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showing 1-5 of 47 breaks

Aedes aegypti: Rise of a super-vector

There are approximately 3,500 known mosquito species out there, but contrary to common belief, the ability to transmit viruses to humans is the privilege of only a few of them. Among this very private club, Aedes aegypti, also known as the yellow fever mosquito, is... click to read more

  • Fabien Aubry | Postdoctoral Research Fellow at Insect-Virus Interactions Unit, Institut Pasteur, CNRS, Paris, France
  • Louis Lambrechts | Research Director at Insect-Virus Interactions Unit, Institut Pasteur, CNRS, Paris, France
Views 1401
Reading time 3.5 min
published on Dec 2, 2021
Microbial life on our tongue

Stick out your tongue! That's one of the first things you hear when you visit a doctor. The tongue has been used as an indicator of health or disease for thousands of years: from ancient Egypt and Chinese traditional medicine to today's modern medical practice... click to read more

  • Gary G. Borisy | Senior Investigator at The Forsyth Institute, Cambridge, USA
  • Jessica L. Mark Welch | Associate Scientist at The Marine Biological Laboratory, Woods Hole, Massachusetts, USA
Views 4036
Reading time 4 min
published on Apr 12, 2021
Shining a light on first contact in tuberculosis

In the science fiction series Star Trek, first contact between species occurs on a galactic scale; a recurring theme whose consequences are richly developed and explored throughout the series. In infection biology, first contact of a susceptible host with an infectious agent, albeit on a... click to read more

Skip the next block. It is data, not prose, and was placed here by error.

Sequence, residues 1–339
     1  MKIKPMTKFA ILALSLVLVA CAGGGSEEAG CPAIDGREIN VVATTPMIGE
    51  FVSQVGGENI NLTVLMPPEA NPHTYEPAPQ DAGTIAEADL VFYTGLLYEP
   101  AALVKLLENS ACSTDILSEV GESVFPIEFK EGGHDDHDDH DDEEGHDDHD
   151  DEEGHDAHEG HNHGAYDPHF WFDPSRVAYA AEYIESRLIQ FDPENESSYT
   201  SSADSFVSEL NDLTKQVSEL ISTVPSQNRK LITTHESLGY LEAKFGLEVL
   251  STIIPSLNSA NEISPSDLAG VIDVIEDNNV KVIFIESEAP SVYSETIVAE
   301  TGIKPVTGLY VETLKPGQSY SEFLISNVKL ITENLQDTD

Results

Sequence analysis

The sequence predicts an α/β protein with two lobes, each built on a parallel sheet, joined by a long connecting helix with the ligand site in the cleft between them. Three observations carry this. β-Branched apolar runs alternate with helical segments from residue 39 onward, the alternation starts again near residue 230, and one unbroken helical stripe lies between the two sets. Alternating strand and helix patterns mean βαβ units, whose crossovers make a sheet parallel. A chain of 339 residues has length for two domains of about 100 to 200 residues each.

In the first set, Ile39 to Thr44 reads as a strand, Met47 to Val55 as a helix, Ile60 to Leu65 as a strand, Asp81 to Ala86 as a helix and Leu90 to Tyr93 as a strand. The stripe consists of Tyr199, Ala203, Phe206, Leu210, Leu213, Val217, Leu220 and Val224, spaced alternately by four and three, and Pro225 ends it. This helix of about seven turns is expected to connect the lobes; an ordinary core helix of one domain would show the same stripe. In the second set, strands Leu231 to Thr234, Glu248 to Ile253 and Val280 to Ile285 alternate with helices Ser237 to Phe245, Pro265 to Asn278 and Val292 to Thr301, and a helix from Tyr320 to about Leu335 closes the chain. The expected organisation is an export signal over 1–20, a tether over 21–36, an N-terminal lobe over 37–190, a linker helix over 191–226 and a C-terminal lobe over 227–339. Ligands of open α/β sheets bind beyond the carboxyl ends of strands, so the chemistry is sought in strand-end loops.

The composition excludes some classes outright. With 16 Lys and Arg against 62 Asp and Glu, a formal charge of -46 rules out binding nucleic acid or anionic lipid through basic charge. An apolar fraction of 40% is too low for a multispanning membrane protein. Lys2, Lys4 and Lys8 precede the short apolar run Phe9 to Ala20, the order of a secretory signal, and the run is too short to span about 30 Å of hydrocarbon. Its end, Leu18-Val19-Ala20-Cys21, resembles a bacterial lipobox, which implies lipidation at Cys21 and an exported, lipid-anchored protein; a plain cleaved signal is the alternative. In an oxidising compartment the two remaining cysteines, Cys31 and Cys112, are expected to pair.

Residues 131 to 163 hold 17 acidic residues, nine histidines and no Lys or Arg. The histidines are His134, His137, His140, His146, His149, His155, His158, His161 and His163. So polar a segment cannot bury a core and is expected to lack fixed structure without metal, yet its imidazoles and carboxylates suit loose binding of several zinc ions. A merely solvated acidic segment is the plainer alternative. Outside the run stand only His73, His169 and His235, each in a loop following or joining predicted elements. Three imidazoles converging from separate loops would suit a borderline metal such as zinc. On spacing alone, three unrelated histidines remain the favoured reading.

• Vivek V. Thacker | Postdoctoral Research Fellow at Ecole Polytechnique Fédérale de Lausanne, Lausanne, Switzerland
Views 1224
Reading time 3.5 min
published on Mar 30, 2021
Tuberculosis drug discovery: an in-house toxin blocks pathogenic bacterial growth

Infectious diseases rank among the greatest threats to human health. While the world stumbles through the current COVID-19 pandemic, a vast array of viral, fungal, parasitic, and bacterial pathogens continue to threaten people's lives. Before the rise of the pandemic, tuberculosis was the world's deadliest... click to read more

  • Yiming Cai | PhD Student at Laboratoire de Microbiologie et Génétique Moléculaires (LMGM), CNRS, Université Paul Sabatier, Toulouse, France
  • Ben Usher | PhD Student at Department of Biosciences, Durham University, Durham, UK
Views 1661
Reading time 3 min
published on Feb 26, 2021
Engineering bacteria to save honey bees

Humans have kept honey bees for millennia, and scientists love to study them because of their unique societies (80,000 bees can live and work together in a single hive!) and communication (they exchange information by "dancing"). Honey bees also help produce much of the food... click to read more

  • Sean Leonard | Postdoctoral Research Fellow at Integrative Biology, University of Texas at Austin, Austin, US
  • Nancy Moran | Professor at Integrative Biology, University of Texas at Austin, Austin, US
Views 2756
Reading time 3.5 min
published on Feb 11, 2021